I mentioned earlier that ‘Agonist’ is also a melodic beast and this statement is best proven via ‘Red Death’ and ‘Until You’ve Bled’. The former is a four-minute exercise in full-on melodic death metal, albeit not in the manner of an Arch Enemy, or an In Flames. No, this song is melodic, but in a way that’s just as heavy and thunderous as all of the other tracks on this record. The result is, nevertheless, a highly memorable and catchy composition that has an air of the epic about it, whilst never sacrificing the brutality one iota.

‘Until You’ve Bled’ is, by contrast, a more nuanced and varied composition, with a central section that’s all-out memorable, anthemic melody. Surrounding it are plenty of tempo shifts as well as moments of intense atmosphere, and powerful rhythms from drums and bass alike. This is without doubt a personal favourite, as it seeks to encapsulate everything that’s great about the music of this talented band; it’s the perfect song to justify why As The World Dies deserves the plaudits that are undoubtedly coming their way, because plaudits will come, mark my words. 2022 has been flooded with good music so far, and this debut from As The World Dies is yet another great album to add to the ever-increasing list.

The Score of Much Metal: 88%

Check out my other 2022 reviews here:

Kvaen – The Great Below

Michael Romeo – War Of The Worlds, Part 2

Dark Funeral – We Are The Apocalypse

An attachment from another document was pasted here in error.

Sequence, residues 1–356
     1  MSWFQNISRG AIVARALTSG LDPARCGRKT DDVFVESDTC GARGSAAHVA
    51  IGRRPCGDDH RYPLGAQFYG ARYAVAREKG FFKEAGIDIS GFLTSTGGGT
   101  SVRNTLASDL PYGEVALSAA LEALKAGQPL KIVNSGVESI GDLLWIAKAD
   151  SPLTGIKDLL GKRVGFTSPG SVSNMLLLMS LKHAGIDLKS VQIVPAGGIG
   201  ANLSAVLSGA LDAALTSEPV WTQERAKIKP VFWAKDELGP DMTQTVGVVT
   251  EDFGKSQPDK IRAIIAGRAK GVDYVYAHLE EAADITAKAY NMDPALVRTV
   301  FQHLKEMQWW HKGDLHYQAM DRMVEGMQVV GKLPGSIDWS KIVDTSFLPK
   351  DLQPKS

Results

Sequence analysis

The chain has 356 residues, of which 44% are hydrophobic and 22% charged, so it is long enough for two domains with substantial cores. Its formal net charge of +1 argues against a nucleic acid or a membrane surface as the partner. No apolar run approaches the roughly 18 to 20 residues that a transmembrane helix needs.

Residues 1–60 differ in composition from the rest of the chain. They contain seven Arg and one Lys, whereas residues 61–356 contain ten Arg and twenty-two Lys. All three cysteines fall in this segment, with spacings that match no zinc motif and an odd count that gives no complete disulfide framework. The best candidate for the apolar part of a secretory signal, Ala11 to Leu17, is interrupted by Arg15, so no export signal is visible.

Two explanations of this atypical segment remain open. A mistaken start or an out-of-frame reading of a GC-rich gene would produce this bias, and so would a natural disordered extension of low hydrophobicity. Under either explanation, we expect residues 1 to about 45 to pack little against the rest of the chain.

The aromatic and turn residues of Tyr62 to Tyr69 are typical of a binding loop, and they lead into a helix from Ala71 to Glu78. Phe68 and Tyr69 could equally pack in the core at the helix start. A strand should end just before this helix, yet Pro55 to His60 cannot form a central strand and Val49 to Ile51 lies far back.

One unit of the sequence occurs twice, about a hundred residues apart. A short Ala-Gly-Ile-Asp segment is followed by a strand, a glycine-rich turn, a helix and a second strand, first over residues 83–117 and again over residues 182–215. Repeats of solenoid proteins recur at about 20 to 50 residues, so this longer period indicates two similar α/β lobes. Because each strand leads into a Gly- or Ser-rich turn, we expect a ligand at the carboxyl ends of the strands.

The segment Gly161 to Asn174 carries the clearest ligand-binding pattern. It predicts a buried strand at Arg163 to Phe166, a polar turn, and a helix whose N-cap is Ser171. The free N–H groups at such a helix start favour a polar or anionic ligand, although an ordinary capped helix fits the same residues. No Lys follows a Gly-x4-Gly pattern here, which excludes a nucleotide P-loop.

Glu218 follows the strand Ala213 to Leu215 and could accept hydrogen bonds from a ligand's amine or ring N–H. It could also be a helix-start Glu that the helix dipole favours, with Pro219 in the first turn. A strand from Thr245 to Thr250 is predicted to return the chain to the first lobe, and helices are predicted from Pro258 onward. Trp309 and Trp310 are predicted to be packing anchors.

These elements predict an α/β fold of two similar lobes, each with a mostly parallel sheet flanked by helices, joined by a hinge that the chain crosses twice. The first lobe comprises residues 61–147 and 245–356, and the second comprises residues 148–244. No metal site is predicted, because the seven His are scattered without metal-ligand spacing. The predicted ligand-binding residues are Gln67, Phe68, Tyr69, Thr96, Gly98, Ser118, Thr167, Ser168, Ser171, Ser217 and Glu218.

Carmeria – Advenae

Agathodaimon – The Seven

Moonlight Haze – Animus

Hellbore – Panopticon

Konvent – Call Down The Sun

Idol Of Fear – Trespasser

The Midgard Project – The Great Divide

Threads Of Fate – The Cold Embrace Of The Light

Arkaik – Labyrinth Of Hungry Ghosts

New Horizon – Gate Of The Gods

Cailleach Calling – Dreams Of Fragmentation

Tundra – A Darkening Sky

Sylvaine – Nova

Hath – All That Was Promised

Sabaton – The War To End All Wars

Kuolemanlaakso – Kuusumu

Oh Hiroshima – Myriad

Godless Truth – Godless Truth

Shape Of Despair – Return To The Void

Eight Bells – Legacy Of Ruin

Embryonic Devourment – Heresy Of The Highest Order

Serious Black – Vengeance Is Mine

Allegaeon – Damnum

HammerFall – Hammer Of Dawn

Immolation – Acts Of God

Veonity – Elements Of Power

Nightrage – Abyss Rising

Arjen Anthony Lucassen’s Star One – Revel In Time

Pure Wrath – Hymn To The Woeful Hearts

Dagoba – By Night

The Last Of Lucy – Moksha

Arð – Take Up My Bones

Embryonic Autopsy – Prophecies Of The Conjoined

The Devils Of Loudun – Escaping Eternity

Cult Of Luna – The Long Road North

WAIT – The End Of Noise

Abysmal Dawn – Nightmare Frontier

Amorphis – Halo

Nordic Giants – Sybiosis

Persefone – Metanoia

Vorga – Striving Toward Oblivion

Mystic Circle – Mystic Circle

Nasson – Scars

Burned In Effigy – Rex Mortem

Silent Skies – Nectar

Celeste – Assassine(s)

Abyssus – Death Revival

SOM – The Shape Of Everything

Ashes Of Ares – Emperors And Fools

Beriedir – AQVA

Lalu – Paint The Sky

Nocturna – Daughters Of The Night

Battle Beast – Circus Of Doom

Lee McKinney – In The Light Of Knowledge

Descent – Order Of Chaos

Aethereus – Leiden

Toundra – Hex

Ilium – Quantum Evolution Event EP

Power Paladin – With The Magic Of Windfyre Steel

Necrophagous – In Chaos Ascend

Infected Rain – Ecdysis

Wilderun – Epigone

You can also check out my other reviews from previous years right here:

2021 reviews

2020 reviews

2019 reviews
2018 reviews
2017 reviews
2016 reviews
2015 reviews